Through the GEF investment, India has taken the first step to eliminate dependency on the insecticide DDT by promoting locally appropriate, cost-effective, and sustainable alternatives, including the Long-Lasting Insecticidal Net (LLIN) and Neem-based and bacteria-based biopesticides. HIL (India) Limited (HIL), a public sector enterprise, is the only manufacturer of DDT in the world and is committed to phase out production of DDT by 2024. It now produces 5 million LLINs per year and plans to double production capacity, supplying them across the country through the Ministry of Health and Family Welfare. HIL is also preparing large-scale production of Neem-based and Bti bacteria-based biopesticides for control of vector-borne diseases. Since Neem trees are available in Africa and large parts of Asia, HIL will also work with partners to transfer Neem-based local technology to other parts of the world.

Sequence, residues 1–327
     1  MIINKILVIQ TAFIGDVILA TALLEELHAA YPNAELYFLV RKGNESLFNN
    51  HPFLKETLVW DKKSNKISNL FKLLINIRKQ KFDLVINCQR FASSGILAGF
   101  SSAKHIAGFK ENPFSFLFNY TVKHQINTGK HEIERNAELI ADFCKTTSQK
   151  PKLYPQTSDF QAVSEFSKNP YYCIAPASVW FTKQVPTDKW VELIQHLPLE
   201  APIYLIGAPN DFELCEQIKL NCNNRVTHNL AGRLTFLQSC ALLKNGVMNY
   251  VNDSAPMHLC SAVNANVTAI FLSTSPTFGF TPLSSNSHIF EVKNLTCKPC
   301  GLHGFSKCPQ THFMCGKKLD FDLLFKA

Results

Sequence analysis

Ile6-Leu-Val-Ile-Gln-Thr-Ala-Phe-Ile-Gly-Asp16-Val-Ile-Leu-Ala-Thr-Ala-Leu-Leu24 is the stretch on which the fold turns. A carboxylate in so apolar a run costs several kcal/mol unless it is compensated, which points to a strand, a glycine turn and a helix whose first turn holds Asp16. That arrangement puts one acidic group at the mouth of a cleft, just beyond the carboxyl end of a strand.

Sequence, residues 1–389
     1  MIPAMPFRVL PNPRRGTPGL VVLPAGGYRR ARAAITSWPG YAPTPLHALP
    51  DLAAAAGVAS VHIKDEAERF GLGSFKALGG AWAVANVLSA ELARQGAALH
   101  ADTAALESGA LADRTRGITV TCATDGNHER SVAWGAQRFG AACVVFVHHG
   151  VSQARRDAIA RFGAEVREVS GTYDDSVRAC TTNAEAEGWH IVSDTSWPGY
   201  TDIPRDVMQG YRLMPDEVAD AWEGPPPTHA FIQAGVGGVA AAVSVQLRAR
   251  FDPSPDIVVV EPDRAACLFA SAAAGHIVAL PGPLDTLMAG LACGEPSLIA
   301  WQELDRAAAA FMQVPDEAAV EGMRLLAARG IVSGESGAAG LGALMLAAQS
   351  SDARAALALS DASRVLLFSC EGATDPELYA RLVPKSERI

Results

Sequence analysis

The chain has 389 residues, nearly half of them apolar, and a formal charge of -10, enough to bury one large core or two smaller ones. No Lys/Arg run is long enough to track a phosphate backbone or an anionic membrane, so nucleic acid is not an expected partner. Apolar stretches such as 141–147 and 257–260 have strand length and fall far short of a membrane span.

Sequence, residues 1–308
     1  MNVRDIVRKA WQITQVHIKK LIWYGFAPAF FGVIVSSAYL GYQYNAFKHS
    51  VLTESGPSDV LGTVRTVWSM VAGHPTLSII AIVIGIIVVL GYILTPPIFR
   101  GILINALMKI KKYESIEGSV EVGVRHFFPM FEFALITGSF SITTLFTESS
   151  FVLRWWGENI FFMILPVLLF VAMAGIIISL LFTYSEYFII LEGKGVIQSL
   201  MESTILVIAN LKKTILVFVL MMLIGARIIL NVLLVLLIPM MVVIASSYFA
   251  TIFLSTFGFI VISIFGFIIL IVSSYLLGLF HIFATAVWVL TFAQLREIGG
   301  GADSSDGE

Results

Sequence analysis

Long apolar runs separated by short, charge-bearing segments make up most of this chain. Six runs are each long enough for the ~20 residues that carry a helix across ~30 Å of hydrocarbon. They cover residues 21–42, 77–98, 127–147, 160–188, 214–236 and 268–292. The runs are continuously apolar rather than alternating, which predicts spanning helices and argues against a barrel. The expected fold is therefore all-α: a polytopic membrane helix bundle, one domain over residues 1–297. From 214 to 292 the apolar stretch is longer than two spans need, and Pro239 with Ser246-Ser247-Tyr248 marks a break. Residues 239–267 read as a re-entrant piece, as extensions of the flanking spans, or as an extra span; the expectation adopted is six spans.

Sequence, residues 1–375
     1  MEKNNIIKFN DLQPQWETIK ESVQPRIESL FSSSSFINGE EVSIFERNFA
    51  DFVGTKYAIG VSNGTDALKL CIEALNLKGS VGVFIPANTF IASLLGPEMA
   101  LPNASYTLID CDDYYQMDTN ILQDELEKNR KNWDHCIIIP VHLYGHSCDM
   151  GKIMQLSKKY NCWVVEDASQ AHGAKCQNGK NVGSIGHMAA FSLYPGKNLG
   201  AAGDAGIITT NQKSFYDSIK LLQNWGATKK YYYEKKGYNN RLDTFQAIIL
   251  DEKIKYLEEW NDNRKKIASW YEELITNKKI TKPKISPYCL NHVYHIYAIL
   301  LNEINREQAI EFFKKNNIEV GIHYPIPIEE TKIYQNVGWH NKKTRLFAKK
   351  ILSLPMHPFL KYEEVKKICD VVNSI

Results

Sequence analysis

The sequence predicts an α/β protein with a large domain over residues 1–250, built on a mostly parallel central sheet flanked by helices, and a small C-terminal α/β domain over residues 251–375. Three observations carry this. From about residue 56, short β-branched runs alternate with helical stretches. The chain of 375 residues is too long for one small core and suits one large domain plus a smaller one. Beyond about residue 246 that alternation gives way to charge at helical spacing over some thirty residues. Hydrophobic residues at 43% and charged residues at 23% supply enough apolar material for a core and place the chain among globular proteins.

The project contributes to a global effort to control toxic chemicals and reduce persistent organic pollutants (POPs) under the Stockholm Convention on POPs. Since India is the only country producing DDT, its phase-out of DDT production helps improve the health of millions involved in chemical pesticides. The phase-out also benefits those living in mosquito-endemic areas who are exposed to DDT in their dwellings. Using an agroforestry model, the project supports large-scale plantation of new cultivars of Neem trees. In addition to providing high quality raw material to make Neem-based pesticides, this model generates additional income for rural populations and farming communities. Engagement of key local partners made the project locally relevant, cost-effective, and sustainable. The project is also strengthening capacity of national stakeholders through training on integrated vector pest management (IVPM). Further, the project will recommend laws and provide guidance on DDT alternatives to the government of India.